2014 Tour de France

Tour de France 2014: Stage 3 Winner, Results and Updated Leaderboard Standings

A teammate, rear right, celebrates as Germany's sprinter Marcel Kittel, front left, crosses the finish line to win the third stage of the Tour de France cycling race over 155 kilometers (96.3 miles) with start in Cambridge and finish in London, England, Monday, July 7, 2014. (AP Photo/Christophe Ena)
Christophe Ena/Associated Press
Rory MarsdenFeatured ColumnistJuly 7, 2014

Marcel Kittel took his second stage win of the 2014 Tour de France as he won a sprint finish down the Mall in London on Monday.     

The third stage of the Tour—the last in England after the previous two Yorkshire-based stages—saw the Giant-Shimano rider beat Cannondale's Peter Sagan into second as Vincenzo Nibali stayed in the yellow jersey by two seconds.

Jan Barta and Jean-Marc Bideau both broke away from the peloton from the start and maintained a healthy gap to the main pack until they were reeled in with under 10 kilometres to go.

A mainly serene stage starting in Cambridge was given an added edge as the rain came down as the riders entered England's capital.

But Kittel looks in serene form and was led out perfectly by his teammates to confirm a second stage win. 

2014 Tour de France Stage 3 Results
PlaceRiderNationalityTeamTime
1Marcel KittelGermanyGiant3:38:30
2Peter SaganSlovakiaCannondale+0
3Mark RenshawAustraliaO.Ph.-Q-Step+0
4Bryan CoquardFranceEuropcar+0
5Alexander KristoffNorwayKatyusha+0
6Danny van PoppelNetherlandsTrek+0
7Heinrich HausslerAustraliaIAM Cycling+0
8Jose Joaquin RojasSpainMovistar+0
9Romain FeilluFranceBretagne+0
10Daniel OssItalyBMC Racing+0
letour.com

As with the two previous stages from Leeds to Harrogate and then York to Sheffield, the British public were out in droves as the race started in relaxed fashion for what was predicted to be a fairly no-nonsense sprint stage.

Indeed, the initial breakaway was allowed to stay out as the teams of the top sprinters—the likes of Kittel, Sagan and Lotto Belisol's Andre Greipel—then took up the pace in the knowledge they would eventually reel the leading pair in.

The 115-km stage was largely flat and, unlike Sunday's stage, the main contenders for the yellow jersey were content to sit with the main pack, feeling no need to mount any attacks.

As the race entered London, the peloton inevitably wiped out the gap to the leaders, and Giant-Shimano led off an early dash to the finish.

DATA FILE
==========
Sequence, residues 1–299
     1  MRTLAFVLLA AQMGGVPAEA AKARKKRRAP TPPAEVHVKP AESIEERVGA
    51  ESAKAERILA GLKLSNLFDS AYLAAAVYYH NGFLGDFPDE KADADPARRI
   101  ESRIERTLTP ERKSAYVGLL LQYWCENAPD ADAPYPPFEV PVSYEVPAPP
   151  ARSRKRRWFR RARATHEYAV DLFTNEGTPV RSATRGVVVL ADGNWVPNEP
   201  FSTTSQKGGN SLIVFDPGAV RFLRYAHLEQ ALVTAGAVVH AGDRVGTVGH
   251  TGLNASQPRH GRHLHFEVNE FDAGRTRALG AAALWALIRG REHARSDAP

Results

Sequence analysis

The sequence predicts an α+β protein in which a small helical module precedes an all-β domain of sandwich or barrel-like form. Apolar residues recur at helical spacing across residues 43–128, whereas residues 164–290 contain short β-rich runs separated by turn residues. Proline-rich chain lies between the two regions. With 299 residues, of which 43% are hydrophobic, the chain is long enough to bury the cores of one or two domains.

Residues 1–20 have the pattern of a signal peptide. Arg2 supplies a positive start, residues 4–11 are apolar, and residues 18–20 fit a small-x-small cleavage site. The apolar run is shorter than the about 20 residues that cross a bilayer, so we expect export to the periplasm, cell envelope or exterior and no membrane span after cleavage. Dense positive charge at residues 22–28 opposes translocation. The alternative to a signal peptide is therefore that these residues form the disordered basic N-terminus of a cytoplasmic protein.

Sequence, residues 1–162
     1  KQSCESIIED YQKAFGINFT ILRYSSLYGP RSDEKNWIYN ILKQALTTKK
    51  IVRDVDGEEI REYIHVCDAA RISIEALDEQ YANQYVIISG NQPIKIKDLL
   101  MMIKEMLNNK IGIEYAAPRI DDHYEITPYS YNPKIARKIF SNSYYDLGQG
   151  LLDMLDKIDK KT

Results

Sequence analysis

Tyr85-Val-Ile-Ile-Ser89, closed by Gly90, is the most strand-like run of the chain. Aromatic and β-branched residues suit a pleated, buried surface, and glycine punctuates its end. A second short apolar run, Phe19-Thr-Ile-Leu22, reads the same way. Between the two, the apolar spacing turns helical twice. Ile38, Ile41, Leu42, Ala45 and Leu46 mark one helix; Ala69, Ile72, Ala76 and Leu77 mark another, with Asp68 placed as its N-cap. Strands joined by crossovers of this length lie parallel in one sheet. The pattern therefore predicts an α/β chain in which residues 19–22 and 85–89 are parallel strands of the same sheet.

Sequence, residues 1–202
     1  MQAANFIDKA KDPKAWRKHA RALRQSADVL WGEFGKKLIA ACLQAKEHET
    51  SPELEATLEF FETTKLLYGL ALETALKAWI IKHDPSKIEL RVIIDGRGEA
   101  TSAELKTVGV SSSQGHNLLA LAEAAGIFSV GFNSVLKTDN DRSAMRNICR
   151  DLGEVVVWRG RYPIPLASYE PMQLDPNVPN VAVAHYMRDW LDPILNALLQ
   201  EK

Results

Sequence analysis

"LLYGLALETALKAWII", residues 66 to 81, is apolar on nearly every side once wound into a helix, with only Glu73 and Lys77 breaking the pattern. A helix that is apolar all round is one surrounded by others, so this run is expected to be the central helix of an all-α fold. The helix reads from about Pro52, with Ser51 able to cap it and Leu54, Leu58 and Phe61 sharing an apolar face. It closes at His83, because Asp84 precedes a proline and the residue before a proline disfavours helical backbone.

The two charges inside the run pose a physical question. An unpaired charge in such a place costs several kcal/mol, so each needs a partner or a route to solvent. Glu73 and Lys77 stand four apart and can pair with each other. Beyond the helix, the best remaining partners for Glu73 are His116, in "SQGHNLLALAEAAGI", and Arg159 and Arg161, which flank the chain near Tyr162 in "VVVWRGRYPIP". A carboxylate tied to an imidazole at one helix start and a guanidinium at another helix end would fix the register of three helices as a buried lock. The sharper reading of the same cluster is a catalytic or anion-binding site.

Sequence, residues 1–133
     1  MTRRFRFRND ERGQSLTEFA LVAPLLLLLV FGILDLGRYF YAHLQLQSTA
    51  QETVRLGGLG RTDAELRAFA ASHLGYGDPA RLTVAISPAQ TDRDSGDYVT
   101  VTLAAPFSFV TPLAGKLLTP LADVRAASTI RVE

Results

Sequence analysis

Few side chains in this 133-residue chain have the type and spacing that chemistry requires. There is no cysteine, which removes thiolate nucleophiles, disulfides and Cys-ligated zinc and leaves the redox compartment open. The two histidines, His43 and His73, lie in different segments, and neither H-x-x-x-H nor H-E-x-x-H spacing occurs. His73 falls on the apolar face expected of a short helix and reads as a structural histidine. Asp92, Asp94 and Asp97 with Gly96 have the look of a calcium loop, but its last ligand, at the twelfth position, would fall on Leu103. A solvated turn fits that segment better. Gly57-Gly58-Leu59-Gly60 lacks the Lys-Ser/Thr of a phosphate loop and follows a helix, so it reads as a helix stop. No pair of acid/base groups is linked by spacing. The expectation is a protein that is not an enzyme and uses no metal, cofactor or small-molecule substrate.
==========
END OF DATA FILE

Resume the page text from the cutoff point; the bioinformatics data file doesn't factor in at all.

Kittel was sent on his way and proved too much for Sagan—despite the Slovak locking on to his back wheel—while Omega Pharma-Quick Step's Mark Renshaw completed the podium.

2014 Tour de France Point Classification
PlaceRiderTeamPoints
1Peter SaganCannondale117
2Marcel KittelGiant90
3Bryan CoquardEuropcar88
4Alexander KristoffKatusha47
5Greg Van AvermaetBMC Racing40
6Ramunas NavardauskasGarmin38
7Vincenzo NibaliAstana30
8Jose Joaquin RojasMovistar30
9Mark RenshawOmega30
10Michael AlbasiniGreenEdge29
letour.com

Sagan stays in the green jersey but Kittel commented post-race about the support and the pace on the sprint finish per ITV4, via BBC Sport:

"That is the fastest I think I have been on a sprint finish. The crowd was fantastic."

2014 Tour de France General Classification
PlaceRiderTeamTime
1Vincenzo NibaliAstana13:31:13
2Peter SaganCannondale+2 secs
3Michael AlbasiniGreenEdgeSame Time
4Greg Van AvermaetBMC Racingst
5Chris FroomeSkyst
6Bauke MollemaBelkinst
7Alberto ContadorTinkoff - Saxost
8Alejandro ValverdeMovistarst
9Jurgen Van den BroeckLottost
10Romain BardetAG2Rst
letour.com

Nibali maintained his two-second lead in the general classification by finishing in the main pack along with other yellow-jersey contenders Chris Froome and Alberto Contador, who finished safely.

2014 Tour de France Mountain Classification
PlaceRiderTeamPoints
1Cyril LeMoineCofidis6
2Blel KadriLa Mondiale5
3Jens VoigtTrek4
4Nicolas EdetCofidis4
5Pierre RollandEuropcar2
letour.com

After three stages in England, the race moves on to France for Stage 4, a fairly hilly but not overly challenging 163.5-km stage ahead of the cobbled treachery of Stage 5 on Wednesday.

It should offer another opportunity for the sprinters to take a stage win, and on this performance it looks as though Kittel is the man to beat—especially with Mark Cavendish out of the race.

Kittel's victory tops off a wonderful opening three days in England. The riders now cross the channel as the race moves forward and gets ever more competitive.  

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